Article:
What Is Chicken Bacon?
Chicken bacon is a thin strip of meat made from chicken. It contrasts with traditional bacon, which is made from pork. Chicken bacon can be substituted for traditional bacon in recipes or can be eaten as a stand-alone dish.
The main benefit of chicken bacon is that it contains less fat and fewer calories than traditional bacon. It might also be higher in protein per strip because there is less fat and more meat. Additionally, it might require less salt to cure, so it could be lower in sodium. This makes it a good choice for people who are sticking to low-fat or low-salt diets.
In addition to the nutritional benefits, chicken bacon offers an alternative for people who do not eat traditional bacon for religious or personal reasons. Several religions disallow the consumption of pork on the grounds that it is an unclean meat. There are also people who simply do not eat pork because of the diet that most pigs eat. A bacon product made from another meat solves the problem for both groups of people, although it is important to note that even bacon made from chicken may not be considered kosher.
Having an alternative to pork bacon makes many favorite dishes available to dieters and those who don't eat pork. Bacon is often paired with eggs at breakfast time and is a key component in many sandwich favorites, including the BLT and the club sandwich. Bacon-wrapped fillet mignon is a popular main course as well.
Bacon is also frequently used to make hors d'oeuvres. Shrimp, scallops, and asparagus spears are just a few of the foods often wrapped with bacon to create party fare. Bacon also is used to season soups and sauces as well. Substituting bacon made from chicken in any of these recipes can reduce the calories, cholesterol, and fat content of the dish significantly.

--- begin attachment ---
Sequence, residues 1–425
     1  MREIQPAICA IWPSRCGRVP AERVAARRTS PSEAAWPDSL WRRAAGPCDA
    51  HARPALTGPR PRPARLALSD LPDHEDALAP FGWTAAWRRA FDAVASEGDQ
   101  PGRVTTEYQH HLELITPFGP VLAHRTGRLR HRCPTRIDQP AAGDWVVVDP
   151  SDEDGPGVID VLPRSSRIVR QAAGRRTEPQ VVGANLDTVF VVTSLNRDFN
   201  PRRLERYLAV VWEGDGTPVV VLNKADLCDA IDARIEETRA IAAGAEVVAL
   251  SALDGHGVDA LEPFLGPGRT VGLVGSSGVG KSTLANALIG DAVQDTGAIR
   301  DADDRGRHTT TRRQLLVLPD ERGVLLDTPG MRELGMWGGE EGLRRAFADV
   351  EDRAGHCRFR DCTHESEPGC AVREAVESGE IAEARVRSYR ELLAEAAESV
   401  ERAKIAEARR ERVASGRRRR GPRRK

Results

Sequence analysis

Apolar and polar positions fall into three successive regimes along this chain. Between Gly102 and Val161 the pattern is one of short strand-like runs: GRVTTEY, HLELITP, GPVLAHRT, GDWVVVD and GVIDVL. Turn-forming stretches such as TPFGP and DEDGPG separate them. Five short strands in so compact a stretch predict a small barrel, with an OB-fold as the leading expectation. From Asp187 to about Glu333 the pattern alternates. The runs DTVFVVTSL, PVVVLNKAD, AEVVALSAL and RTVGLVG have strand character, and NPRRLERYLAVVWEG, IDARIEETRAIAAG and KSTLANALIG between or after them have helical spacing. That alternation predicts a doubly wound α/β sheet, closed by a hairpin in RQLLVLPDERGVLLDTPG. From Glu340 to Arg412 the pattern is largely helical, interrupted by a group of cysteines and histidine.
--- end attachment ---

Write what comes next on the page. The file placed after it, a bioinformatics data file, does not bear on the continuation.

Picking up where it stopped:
Chefs often point out that this substitution can also decrease the flavor of the dish. Chicken bacon can be drier than its pork counterpart because of the reduced fat content. The texture is distinctly different as well, as the chicken version lacks the fat marbling of pork bacon.
Chicken bacon is cooked using roughly the same methods as pork bacon. It can be either pan-fried or microwaved. The chicken variety may be more prone to overcooking than the pork variety, again due to the lack of fat. It might also be more likely to stick to the pan or burn. It can be difficult to get the chicken variety truly crisp as well, and consequently may be more difficult to crumble.
Chefs who do not know how to compensate for the flavor difference in chicken bacon are not chefs whose food I would want to eat. They are lazy or do not really know how to cook.
Even for those who don't like bacon (myself included), one of the great things is that it can be used as a substitute of sorts. In other words, it's not always enforced as a food, and as was also mentioned in the article, can be used as a decoration of sorts. Wrapping it around snacks and other treats gives the food a nice visual presentation.
In the past few weeks, I've been to several restaurants where they were serving bacon, and one thing I really like is how the waiters and waitresses ask what kind of bacon you prefer. Not only does it show that they're thinking of the customer, but even more so, it really shows that they're probably aware of the health benefits that come with your preferred bacon. Sadly, this doesn't seem to be the case with every restaurant, where they only serve pork bacon.
Generally speaking, I find that some people don't like chicken bacon due to its taste, which the article briefly mentions as well. Unlike pork, which is normally riddled with grease and fat, chicken is a lot more plain, and lacks a fatty flavor. Based on my experience, I prefer both, as they have their advantages and disadvantages. While pork bacon is much more unhealthy, it has a very rich and fattening taste. On the other hand, while chicken bacon has less of a taste, it's a lot healthier. This is especially the case if you're trying to watch your diet.
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